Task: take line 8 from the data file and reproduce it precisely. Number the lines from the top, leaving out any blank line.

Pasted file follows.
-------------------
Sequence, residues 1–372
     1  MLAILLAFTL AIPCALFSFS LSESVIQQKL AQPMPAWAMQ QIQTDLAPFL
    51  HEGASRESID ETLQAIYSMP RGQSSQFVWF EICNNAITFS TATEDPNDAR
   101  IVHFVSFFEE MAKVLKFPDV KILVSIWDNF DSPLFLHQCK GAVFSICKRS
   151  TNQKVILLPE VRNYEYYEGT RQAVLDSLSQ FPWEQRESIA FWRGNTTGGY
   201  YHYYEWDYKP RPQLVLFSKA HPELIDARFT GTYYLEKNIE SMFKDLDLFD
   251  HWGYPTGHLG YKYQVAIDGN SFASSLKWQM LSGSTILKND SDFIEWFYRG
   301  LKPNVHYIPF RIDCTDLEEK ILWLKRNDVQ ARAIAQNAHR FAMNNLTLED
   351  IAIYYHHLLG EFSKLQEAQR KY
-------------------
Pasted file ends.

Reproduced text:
   301  LKPNVHYIPF RIDCTDLEEK ILWLKRNDVQ ARAIAQNAHR FAMNNLTLED